The Burgess Animal Book for Children
Scratching the Woodchuck: Nature on an Amish Farm
Our Bird Friends and Foes
Secrets of the Woods
The Natural History of Selborne
Great Possessions : An Amish Farmer’s Journal

Tractor Supply

Other books that are helpful in this area are good field guides. Our children count their various field guides as their prized possessions. Often after a trip to the woods or day working on the fence line, the first thing the children do when returning home is run to get their field guides to identify some new plant or creature they have discovered. Here are some that we really like…

Tracking and the Art of Seeing: How to Read Animal Tracks and Sign
A Field Guide to Reptiles and Amphibians: Eastern and Central North America
Peterson Field Guide to Mammals of North America: Fourth Edition
A Field Guide to Edible Wild Plants: Eastern and central North America
Up North Again
Smithsonian Birds of North America
The National Audubon Society Field Guide to North American Butterflies
National Audubon Society Field Guide to North American Rocks and Minerals
The Tree Identification Book : A New Method for the Practical Identification and Recognition of Trees

I know that many people have formal “nature study” projects during the normal school day. We have found that for the most part, nature study projects take care of themselves. It is a joy to watch the children develop certain interests in the many areas of natural science. My oldest son, John, is a lover of birds. In his “spare time” he loves to read about birds. The boy is a walking bird encyclopedia. He keeps lists of all the different birds he has seen, has video he has shot of many birds (mostly for the audio of the songs and calls) and he has a sketch book filled with just about every bird you can think of. Each of these sketches has been colored with colored pencils and marked with size, wing span and other information. His latest endeavor is painting birds. I should point out that none of these things were asked of him. None of these things were our idea as parents. Each of my children have developed similar interests and started their own projects. My experience has been that if you teach them to observe creation and give them the tools they need, “nature study” projects take care of themselves.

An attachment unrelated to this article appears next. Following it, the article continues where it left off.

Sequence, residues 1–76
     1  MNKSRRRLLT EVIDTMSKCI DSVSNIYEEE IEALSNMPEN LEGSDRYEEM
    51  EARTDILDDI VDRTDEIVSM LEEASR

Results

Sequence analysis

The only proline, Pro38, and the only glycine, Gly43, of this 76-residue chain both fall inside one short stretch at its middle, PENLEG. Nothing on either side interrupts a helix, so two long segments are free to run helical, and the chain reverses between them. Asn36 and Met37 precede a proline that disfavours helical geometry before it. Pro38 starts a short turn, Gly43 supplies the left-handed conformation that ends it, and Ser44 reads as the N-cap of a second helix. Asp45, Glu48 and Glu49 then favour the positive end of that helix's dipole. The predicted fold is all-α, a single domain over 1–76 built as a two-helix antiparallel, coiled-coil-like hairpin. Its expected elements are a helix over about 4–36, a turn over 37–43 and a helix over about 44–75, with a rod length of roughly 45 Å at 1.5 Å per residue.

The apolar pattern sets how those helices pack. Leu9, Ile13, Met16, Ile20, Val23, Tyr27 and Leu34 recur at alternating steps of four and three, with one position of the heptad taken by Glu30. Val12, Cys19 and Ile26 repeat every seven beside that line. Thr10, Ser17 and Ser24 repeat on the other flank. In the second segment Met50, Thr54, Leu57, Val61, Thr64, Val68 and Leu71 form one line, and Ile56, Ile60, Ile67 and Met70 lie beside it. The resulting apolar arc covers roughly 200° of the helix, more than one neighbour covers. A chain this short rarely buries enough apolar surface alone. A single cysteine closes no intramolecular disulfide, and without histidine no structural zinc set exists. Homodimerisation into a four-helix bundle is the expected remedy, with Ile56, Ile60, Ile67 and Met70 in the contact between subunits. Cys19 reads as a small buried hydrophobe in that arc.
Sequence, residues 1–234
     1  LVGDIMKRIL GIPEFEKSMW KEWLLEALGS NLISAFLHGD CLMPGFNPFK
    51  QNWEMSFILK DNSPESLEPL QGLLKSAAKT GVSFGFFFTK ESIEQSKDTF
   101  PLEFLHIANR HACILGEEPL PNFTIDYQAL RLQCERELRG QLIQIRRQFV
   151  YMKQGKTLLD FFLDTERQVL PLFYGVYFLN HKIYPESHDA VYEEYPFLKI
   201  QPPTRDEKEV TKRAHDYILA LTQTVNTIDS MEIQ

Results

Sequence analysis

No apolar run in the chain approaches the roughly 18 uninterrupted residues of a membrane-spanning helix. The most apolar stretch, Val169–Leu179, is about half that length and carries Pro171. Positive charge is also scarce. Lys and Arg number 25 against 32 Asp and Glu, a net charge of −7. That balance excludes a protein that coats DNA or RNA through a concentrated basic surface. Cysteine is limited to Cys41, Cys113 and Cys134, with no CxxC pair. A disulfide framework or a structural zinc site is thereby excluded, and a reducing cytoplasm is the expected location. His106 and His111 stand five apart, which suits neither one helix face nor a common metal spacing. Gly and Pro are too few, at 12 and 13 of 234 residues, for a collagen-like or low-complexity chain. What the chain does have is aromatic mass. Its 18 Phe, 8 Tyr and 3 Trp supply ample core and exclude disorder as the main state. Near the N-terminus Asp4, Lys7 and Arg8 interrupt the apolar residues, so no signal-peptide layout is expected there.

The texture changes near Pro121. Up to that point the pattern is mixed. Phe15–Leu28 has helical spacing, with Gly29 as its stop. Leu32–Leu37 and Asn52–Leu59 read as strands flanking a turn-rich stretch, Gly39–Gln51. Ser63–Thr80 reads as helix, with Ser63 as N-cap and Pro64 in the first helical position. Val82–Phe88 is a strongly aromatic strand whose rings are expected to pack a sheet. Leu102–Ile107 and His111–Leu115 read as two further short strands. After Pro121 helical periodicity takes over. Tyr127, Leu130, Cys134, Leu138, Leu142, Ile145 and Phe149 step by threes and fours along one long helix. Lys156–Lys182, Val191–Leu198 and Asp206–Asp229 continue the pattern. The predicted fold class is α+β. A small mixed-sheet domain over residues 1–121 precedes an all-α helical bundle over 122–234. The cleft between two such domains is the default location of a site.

Some might wonder why nature study should have such a prominent place in a Christian’s education. We live in an age where mankind has been has, for all practical purposes, been removed from his natural surroundings, removed from the basic functions of life. This is a problem. God formed man from the dust of the earth, charged him with the task of turning the wilderness into a garden and gave him, within the natural world, all he needed for sustenance. The bible itself, speaks to us in language steeped in the common knowledge of nature and the workings of creation. When we study the natural world we can see the work of the creator and meditate on his great and mighty works. To neglect the study of nature we risk becoming gnostic and neo-platonic in our thinking.